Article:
This spring, Arnold Alaniz will auction off “Autumn Twilight,” a piece of work depicting a peaceful Door County scene, featuring the distinctive pastel palette the seasoned artist is known for not only throughout the county, but the world. He describes his artwork as a “soft realism with a bit of romanticism.” “‘Autumn Twilight’ is a scene inspired by walking tours in Door County,” explains Ellison Bay summer resident Alaniz. “It’s exclusive for Channel 10.”
This is not the first original piece of work Alaniz has donated to Channel 10, also known as Milwaukee Public Television. Almost 35 years ago, Alaniz – then a budding artist in Door County about to buy a little shop to exhibit his art in Ephraim’s Sherwood Village – donated a limited edition lithograph for auction and before he knew it, he was a celebrity.
“You never plan it,” he says of his sudden thrust into fame, “it just happens.” A year later his work was on display in more than 1,000 galleries. Two years later, his work was in 2,400 galleries throughout the world.
“It was insane,” Alaniz laughs. “I had an apartment in New York, shows in Tokyo, Paris, everywhere! And it was all because of the publicity on Channel 10. I got to meet all these great artists, and they have the same hang ups and ideas and fears and goals as the rest of us.”
Alaniz, a Texas native, admits he never set out for the whirlwind art career that befell him. In fact, he never set out to be an artist, or attend college, but college students were exempt from the draft to serve in the Vietnam War. So on scholarship, Alaniz attended the University of Wisconsin – Madison and planned to become a teacher. When a professor noticed his natural talent for drawing, he encouraged him to switch majors. Alaniz graduated with a bachelor’s degree in fine art and a master’s in print making.
While in Madison, he met the late Charlie Lyons, who introduced him to Door County in 1964. From then he visited the county “sporadically,” making acquaintance with Door County artists including Jack Anderson and Abe Cohn.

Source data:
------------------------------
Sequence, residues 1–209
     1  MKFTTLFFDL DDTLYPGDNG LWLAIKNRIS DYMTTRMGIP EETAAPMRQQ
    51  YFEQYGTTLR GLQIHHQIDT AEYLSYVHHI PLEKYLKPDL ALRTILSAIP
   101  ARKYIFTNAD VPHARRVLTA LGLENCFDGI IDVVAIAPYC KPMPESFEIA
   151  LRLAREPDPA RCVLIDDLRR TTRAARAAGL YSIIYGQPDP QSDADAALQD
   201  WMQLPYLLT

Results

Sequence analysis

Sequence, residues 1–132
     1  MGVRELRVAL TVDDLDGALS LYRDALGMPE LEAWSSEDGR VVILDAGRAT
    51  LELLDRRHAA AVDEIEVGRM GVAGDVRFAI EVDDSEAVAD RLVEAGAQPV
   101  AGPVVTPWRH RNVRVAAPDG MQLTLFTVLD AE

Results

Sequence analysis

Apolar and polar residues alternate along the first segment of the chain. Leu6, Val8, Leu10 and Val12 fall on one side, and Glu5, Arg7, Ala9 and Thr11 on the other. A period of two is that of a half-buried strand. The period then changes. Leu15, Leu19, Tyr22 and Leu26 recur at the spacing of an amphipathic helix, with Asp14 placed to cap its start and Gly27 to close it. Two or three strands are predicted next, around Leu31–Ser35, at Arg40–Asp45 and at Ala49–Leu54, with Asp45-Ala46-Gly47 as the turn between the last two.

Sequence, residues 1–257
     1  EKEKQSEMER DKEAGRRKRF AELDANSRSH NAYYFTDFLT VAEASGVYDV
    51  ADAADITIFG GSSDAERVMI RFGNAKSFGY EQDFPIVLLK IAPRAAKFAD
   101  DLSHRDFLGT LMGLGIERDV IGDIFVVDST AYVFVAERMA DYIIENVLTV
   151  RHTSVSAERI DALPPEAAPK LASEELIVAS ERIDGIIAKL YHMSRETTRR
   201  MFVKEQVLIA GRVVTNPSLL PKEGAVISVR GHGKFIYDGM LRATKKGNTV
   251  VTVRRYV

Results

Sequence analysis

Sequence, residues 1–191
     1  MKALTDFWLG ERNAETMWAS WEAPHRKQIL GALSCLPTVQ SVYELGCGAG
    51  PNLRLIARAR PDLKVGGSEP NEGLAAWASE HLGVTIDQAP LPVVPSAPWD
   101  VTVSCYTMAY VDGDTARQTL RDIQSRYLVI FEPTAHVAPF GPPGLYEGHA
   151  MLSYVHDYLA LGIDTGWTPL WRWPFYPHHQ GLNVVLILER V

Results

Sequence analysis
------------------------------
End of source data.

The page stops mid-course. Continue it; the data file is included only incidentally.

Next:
After graduating, Alaniz took a job as an art teacher at Homestead High School in Mequon. “I meant to stay until the war was over, but I stayed and one year became two years and then three – I stayed six years. I loved it. But my style was developing and you can’t be fair to the kids when you’re devoted to your own work,” he says. “I thought, ‘I want to be a great artist or a great teacher, I can’t do both.’”
Dismissing the warnings of his friends and family, Alaniz resigned from his teaching job in 1977 and became a full-time artist. “It was scary,” he admits, “but life takes you where it wants you to go. I was always in the right place at the right time.”
In 1979, he was approached by Channel 10 to auction off a lithograph to benefit Milwaukee Public Television and that’s when his career took off. “I was right at the cusp of the big print revolution,” he recalls. “Art was doing really well in the ’80s.”
He also believes his success comes from his “look,” as he calls it. “It’s very traditional, soothing, semi-detailed…not really realistic, but realistic enough, with a bit of romanticism.” He modestly thinks of his work as a compromise for couples considering purchasing a piece: “A husband and wife both want something – he wants deer and rugged landscapes, she wants flowers and something soft – this has both. Well, not the deer, but both,” he laughs.
Alaniz’s forte was lithography when he began his international art career – an art form that requires a painstaking and exacting printing process. “[Lithography] became extinct in the ’90s, during the digital revolution,” he explains. “[Lithography] takes several weeks of work to make one piece of work.”
Now Alaniz paints a scene and from that painting creates giclee prints, which are cheaper than original works of art. “Art has been suffering,” says Alaniz, “The economy’s not good and people
have different priorities than they used to – they’re trying to keep up with all the technology.” He believes that trend is “changing” – the public is showing a renewed interest in art and purchasing art. He also believes creating giclee prints offers a greater opportunity for a wider demographic to purchase artwork.
As for the fame – “It disappears quickly,” he laughs. “I saw a lot of artists struggle with that and just give up on their art. I always stuck with it, always kept painting.”
Alaniz Gallery and Studio
Address: 11573 Highway 42, Ellison Bay
Hours: Open May – October, 11:00 am – 5:30 pm